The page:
We anxiously watched the elevation rise to 3000 metres, knowing what had happened in the North of Argentina (Land of a Million Colours). The arrival time indicated 7pm, which we calculated to be do-able, or perhaps we hadn't taken into account that perhaps the GPS time was incorrect and was more likely to be 9pm. We carried on, there was nowhere else to go, except back. The sun was still shining until 3500m when a dark mist enveloped the mountainside. The temperature dropped from 27degrees to 14degrees, then 9. The visibility reduced from way ahead to about 9 metres, which is about just enough not to go over the edge or get bumped from behind. B carefully picked his way around the corners searching fora stopping place.We desperately needed to get our warm inner liners and raingear on. There was absolutely nowhere to stop. The narrow road, dense mist, reduced visibility , on coming sporadic traffic and traffic behind us made it impossible. Elevation rose to 4533, then 4678. We daren't stop as we knew we would be short of breath. The recognised advice is get down to safe levels, so we just kept riding, assured that Puno would be lower. At 2degrees we found a little patch of grass by a lake and pulled off. It took ages to unfurl cold fingers, unzip the bags, shake out the suits and get warmer, all the while under laboured breathing and wobbling, shivering limbs.
The skies got darker and darker. Our watch showed 5pm, but it was nearer dusk. At 4570 m B saw a light on in a building up ahead. He stopped the bike, stumbled off, staggered in through the door and declared himself unable to carry on. I followed behind to find him shivering uncontrollably. Action mode kicked in and I stripped the bags off the bike, as well as the clothes of B, replacing wet with dry. The cafe that he had entered brought us boiling water for the flask and hotwaterbottle. I made some instant packet soup from our supplies and placed his soggy feet on the hotwaterbottle. The lady owner quietly set about re-arranging her chairs and tables to accommodate all our gear. We nearly filled her place with sleeping bags, thermals, wet jackets, helmets,trousers and gloves. B shivered and shivered for a long time. I was still in full rain gear, balaclava and helmet, keeping warm by rushing around. By nightfall, B had calmed down a bit, so before getting myself into dry clothes, I ventured out in the cold and mist to cover the bike. It was parked just off the road, so I turned the bike cover shiny side outwards, wrapped the hi-vis jacket over the handlebars and clicked the disc lock in place. This mundane task required a mammoth effort, being so short of breath and unsteady on my feet.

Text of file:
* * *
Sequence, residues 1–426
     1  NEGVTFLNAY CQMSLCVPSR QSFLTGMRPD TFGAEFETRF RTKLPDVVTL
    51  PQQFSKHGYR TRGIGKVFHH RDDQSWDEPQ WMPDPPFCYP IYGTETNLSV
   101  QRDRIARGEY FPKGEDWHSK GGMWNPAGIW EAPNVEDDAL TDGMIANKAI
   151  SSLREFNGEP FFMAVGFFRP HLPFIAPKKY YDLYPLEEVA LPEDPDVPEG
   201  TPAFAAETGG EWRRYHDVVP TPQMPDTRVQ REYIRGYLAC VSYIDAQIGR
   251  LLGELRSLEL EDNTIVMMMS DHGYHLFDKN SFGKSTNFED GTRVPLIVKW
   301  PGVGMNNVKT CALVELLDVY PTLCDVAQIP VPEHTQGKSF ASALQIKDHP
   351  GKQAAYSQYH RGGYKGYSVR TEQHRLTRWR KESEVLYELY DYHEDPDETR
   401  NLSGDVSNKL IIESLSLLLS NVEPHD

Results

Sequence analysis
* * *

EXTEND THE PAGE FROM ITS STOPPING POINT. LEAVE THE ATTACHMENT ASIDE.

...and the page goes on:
When I got back to the cafe, the lady handed me a key and beckoned for us to follow her to a 'hospedaje' next door. I left B sitting at the table whilst she helped me carry all the belongings across the puddled pathway, then we supported him as he dragged himself down the path into the roomand collapsed on the bed, covering him over with about 5 soft and superwarm alpaca blankets. With a huge sigh she then indicated that the bike was not in a safe place, so I undid all the covers and locks, roused B from his cosy slumber, helped him 'foot' the bike up the ramp and into the room. The bed and warm clothes were calling me very loudly now, so finally I took off my helmet and raingear, ready to settle in for a warm dry safe sleep.
Cuddling up to B, whose shivering had subsided, I heard him say "I can't feel my left thumb". "You're probably lying on it a bit funny," I mutter from beneath layers of soft warm alpacas. The next few sounds were a blurt of incoherent noises. That woke me up. "What's going on?" I barked.
Panic set in. I ordered B in a slightly hysterical tone. "Sit up, what's your name? Count backwards from 10. Stick your tongue out". It veered to his left.
Pouring the remaining hot water in the flask over a bunch of dried Coca leaves and shouting " Drink this", I fled out of the room across the path to the now shut cafe.
Only the stars lit the way, but I found the metal door and beat upon it with all my might, screaming " Doctora, Doctora" . The man owner of the cafe, still wearing his construction workers suit, bedecked with reflective stripes, unbolted the door, took one look at me and grabbing his torch, ran down the road. In the pitch black of the night, lit only by stars, he looked like some bizarre X-Factor contestant as he zig-zagged from door to door. I rushed back to B, sitting and sipping the coca tea, in between counting backwards from 10 a bit more coherent now. the response time beat all records and within 5 minutes, the door opened and 6 people filed in. A Doctor, a Nurse, a Pharmacist, a Psychologist
and two Onlookers. Where on earth had they come from??
Startled, surprised and utterly distraught I proceeded to explain his symptoms in my best spanish and sign language. After assessing B, confirming no allergies, HBP or diabetes he was given a shot in the bum, anti-nausea tablets and a supply for 3 days of mega Aspirin. Cost 2 euros.
Wonders will never cease and it was with another huge sigh that I cuddled up to B again as he tossed and turned and moaned all night. Our room had no heating, it was full of wet clothes and a bike, but somehow the alpaca blankets kept us warm.
So where are we actually? This was my mission to find out the next morning, after the longest coldest most distressing night ever.